Thursday, June 28, 2012

Zachary Taylor, a Large Bowl of Cherries, and a Pitcher of Iced Milk

After participating in Fourth of July festivities at the Washington Monument on a blistering hot day, Zachary Taylor consumed a large bowl of cherries and pitcher of iced milk and suddenly fell ill with a terrible stomach ache. Within five days, he was dead.

At the time, the United States was embroiled in the bitter conflict over slavery and many people believed that  Taylor had been poisoned. Today, most historians agree that he died from cholera or acute gastroenteritis, an inflammation of the stomach and gastrointestinal tract.

Whatever the case, if Taylor were here with us today, he'd no doubt steer away from anything prepared with cherries. That's totally understandable, but it's no reason for us to do the same, especially when there are so many fabulous recipes for preparing fresh summer cherries, like this one for Cherry Cobbler from Emeril Lagasse:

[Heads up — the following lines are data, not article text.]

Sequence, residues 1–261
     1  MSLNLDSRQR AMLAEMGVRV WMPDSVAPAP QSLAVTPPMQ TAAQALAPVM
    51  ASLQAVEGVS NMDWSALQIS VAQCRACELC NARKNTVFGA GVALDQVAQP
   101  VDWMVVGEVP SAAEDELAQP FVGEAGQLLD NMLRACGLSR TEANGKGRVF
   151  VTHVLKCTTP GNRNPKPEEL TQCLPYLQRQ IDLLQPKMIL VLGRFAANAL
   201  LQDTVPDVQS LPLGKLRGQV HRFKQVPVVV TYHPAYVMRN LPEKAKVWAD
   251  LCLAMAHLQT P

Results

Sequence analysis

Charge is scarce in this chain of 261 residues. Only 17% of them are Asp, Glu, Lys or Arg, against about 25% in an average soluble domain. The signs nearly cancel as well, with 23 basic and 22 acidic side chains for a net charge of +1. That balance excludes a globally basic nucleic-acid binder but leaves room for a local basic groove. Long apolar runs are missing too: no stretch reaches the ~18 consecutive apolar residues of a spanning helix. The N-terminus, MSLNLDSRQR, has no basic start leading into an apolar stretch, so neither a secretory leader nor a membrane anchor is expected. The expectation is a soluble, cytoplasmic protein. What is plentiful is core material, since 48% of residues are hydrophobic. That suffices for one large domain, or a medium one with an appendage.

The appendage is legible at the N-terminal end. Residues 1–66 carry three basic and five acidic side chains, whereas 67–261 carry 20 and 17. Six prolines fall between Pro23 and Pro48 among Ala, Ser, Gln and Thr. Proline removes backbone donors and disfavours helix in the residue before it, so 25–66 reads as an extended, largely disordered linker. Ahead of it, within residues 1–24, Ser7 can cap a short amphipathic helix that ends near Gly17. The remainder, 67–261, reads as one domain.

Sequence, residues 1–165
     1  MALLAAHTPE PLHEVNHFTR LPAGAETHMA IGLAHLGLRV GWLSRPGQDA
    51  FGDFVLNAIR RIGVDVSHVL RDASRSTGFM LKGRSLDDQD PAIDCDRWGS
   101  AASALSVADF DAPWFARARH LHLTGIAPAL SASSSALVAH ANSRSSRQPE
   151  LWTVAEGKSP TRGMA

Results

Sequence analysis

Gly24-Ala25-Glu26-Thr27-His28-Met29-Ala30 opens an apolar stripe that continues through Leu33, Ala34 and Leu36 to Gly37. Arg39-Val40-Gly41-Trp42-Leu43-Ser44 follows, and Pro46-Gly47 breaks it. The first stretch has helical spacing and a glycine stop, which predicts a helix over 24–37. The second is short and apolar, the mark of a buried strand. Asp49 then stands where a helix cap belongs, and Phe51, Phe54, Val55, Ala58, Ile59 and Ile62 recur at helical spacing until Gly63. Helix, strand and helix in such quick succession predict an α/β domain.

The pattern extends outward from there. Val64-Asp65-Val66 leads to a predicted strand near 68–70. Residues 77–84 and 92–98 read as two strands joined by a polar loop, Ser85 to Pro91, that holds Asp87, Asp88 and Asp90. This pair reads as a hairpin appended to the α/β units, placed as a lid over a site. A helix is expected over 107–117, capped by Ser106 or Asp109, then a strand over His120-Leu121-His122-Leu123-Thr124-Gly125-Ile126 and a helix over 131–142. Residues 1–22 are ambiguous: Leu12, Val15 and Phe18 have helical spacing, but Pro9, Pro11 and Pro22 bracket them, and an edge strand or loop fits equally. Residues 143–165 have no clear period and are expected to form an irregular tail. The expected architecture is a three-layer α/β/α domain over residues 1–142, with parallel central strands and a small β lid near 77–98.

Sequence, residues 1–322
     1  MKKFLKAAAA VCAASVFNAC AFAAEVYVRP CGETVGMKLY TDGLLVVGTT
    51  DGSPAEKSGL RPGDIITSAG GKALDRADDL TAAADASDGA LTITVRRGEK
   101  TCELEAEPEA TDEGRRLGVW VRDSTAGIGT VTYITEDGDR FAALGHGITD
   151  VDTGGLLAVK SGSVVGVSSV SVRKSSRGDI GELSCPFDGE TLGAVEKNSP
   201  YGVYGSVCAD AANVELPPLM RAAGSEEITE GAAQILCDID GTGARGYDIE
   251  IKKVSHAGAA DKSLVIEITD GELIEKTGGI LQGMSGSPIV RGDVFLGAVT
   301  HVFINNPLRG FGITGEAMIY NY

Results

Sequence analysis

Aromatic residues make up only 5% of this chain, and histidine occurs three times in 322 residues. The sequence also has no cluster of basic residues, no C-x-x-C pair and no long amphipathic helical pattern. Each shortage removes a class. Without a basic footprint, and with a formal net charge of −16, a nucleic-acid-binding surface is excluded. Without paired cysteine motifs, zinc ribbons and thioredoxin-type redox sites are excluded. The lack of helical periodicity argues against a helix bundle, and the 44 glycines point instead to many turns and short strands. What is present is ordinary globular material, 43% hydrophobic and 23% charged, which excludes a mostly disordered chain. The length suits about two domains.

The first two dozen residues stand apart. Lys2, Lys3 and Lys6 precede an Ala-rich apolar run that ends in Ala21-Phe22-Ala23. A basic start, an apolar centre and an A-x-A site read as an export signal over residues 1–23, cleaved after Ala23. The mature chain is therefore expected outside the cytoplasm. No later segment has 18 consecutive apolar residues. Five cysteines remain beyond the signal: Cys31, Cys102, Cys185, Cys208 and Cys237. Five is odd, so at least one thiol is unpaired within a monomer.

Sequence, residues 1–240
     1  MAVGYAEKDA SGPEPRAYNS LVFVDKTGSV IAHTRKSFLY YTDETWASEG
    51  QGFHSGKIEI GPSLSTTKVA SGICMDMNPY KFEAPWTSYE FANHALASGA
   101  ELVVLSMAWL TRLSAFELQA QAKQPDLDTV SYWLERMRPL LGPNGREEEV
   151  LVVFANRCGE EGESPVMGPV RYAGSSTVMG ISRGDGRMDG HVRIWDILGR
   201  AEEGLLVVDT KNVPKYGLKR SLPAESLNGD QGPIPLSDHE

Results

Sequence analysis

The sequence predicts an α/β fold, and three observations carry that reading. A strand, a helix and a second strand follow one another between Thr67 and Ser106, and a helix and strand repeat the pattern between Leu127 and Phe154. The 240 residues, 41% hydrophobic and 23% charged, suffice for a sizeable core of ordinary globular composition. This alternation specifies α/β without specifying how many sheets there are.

Filling:

6 cups tart red cherries, pitted
1 1/4 cups sugar
1/4 cup water
4 teaspoons cornstarch

Topping:

1 cup flour
1/4 cup sugar
2 tablespoons brown sugar
1 teaspoon baking powder
1/2 teaspoon cinnamon
3 tablespoons butter
1 egg, beaten
3 tablespoons milk

Preheat oven to 400 degrees F. In a saucepan combine filling ingredients and cook, stirring until bubbling and thickened. Pour into an 8-inch square baking dish. Meanwhile, stir together flour, sugars, baking powder, and cinnamon. Cut in butter until it is crumbly. Mix together egg and milk. Add to flour mixture and stir with a fork just until combined. Drop topping by tablespoonfuls onto filling. Bake for 25 minutes until browned and bubbly.

A LITTLE HISTORY: Before he became president, Zachary Taylor fought in the War of 1812, the Black Hawk War, and the second Seminole War before achieving fame in the Mexican-American War. On February 23, 1847, General Taylor led his troops against General Santa Anna at the Battle of Buena Vista. When "the smoke finally cleared," Taylor's force of 6,000 had defeated a Mexican army of 20,000 and "Old Rough and Ready" was a national hero!

Credit: Oil Portrait of Zachary Taylor by Joseph H. Bush, 1849 (White House Historical Assocation)

2 comments:

  1. Its heartbroken,,..soo wonderful story...Guys...must read..Thax Caviar!!!

    ReplyDelete
  2. Very unique blog I've found here!
    What part of So Cal do you live in: OC, SanGabriel Valley, etc?

    ReplyDelete